Noe: What gives you the most joy being a sports talk host and are you able to feel that joy with this current setup?
DS: The most joy has to be similar to a home run or a great golf shot; you just sort of know you got it. You just know that what you just did — whether it was an interview, or whether it’s a breakdown, it’s a bit — you just know that the segment crushed. You can feel it in your bones that you hit the sweet spot.
I don’t think we’ve been able to do that since we’ve been streaming just because we know that our audience it’s not what it was before we got taken off the air. I think that there’s been some good stuff done. I appreciated the banter and interaction with people who are listening to us on streams, but I don’t think we’re going to be made whole again until we actually get back on the radio.
Noe: If you could script out your next five years as a sports talk host what would it be like?
DS: I got to be honest, I don’t really think that way. I feel like I’m in the minority. I always hear people talking about what’s your one-year plan, what’s your three-year plan, what’s your five-year plan? I live so segment-to-segment, show-to-show that I always am envious of the people who have that kind of thought process. I just get so wrapped up in the moment.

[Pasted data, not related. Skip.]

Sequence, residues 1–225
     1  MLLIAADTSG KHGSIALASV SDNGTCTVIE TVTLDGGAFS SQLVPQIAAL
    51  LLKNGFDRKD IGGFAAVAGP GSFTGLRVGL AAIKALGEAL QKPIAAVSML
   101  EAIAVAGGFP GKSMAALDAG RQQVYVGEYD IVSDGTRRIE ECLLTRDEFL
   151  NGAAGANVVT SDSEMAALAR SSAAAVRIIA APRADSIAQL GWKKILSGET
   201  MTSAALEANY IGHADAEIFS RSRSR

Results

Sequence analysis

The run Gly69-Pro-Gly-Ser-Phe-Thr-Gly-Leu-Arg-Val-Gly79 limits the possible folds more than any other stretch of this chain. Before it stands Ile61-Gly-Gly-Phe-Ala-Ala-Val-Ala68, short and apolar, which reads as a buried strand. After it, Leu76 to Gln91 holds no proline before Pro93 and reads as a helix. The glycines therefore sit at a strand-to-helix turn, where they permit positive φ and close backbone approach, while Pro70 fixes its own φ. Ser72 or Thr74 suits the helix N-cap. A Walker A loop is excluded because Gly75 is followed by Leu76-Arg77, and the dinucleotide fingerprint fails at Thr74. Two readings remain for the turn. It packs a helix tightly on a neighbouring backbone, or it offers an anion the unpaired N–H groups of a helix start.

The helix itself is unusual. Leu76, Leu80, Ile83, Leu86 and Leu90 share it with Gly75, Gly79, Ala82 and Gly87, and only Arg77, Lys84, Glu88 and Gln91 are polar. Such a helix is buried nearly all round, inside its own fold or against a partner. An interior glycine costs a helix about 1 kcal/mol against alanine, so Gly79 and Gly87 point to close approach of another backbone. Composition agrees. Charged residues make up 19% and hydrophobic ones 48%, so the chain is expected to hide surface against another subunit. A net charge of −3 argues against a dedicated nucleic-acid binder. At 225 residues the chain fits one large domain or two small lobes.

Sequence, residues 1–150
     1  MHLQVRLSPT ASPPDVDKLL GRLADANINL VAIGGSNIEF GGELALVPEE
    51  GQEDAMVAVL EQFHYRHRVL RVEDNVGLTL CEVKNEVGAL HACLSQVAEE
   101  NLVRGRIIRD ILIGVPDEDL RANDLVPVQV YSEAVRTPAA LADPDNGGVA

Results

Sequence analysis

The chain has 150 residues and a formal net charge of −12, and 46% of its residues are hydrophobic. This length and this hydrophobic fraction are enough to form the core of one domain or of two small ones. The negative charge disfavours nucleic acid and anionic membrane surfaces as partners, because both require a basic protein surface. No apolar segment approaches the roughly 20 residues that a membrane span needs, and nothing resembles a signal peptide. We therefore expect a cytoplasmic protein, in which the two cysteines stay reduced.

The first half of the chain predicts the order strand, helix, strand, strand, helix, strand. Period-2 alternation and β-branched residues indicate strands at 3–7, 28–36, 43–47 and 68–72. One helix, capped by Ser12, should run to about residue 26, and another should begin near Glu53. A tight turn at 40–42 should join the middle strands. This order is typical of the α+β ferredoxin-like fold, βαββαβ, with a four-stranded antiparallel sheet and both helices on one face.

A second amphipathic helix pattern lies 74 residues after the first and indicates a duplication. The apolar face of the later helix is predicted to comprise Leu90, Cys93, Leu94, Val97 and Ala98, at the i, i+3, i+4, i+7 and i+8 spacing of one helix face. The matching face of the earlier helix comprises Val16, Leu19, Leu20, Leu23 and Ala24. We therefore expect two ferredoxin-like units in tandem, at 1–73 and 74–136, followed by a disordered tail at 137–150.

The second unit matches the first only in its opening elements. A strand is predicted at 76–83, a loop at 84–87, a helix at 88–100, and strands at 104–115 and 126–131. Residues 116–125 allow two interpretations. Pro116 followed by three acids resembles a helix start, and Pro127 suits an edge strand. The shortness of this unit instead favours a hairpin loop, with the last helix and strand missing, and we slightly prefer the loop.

I tend to think that the next five years are going to bring about even more change in terms of the digital capabilities. We’ll probably all have YouTube cameras in our offices. I don’t know that we’re going to be sitting around exclusively worrying about radio ratings as an industry. For me personally, I gave up on those kind of things when I moved to San Diego.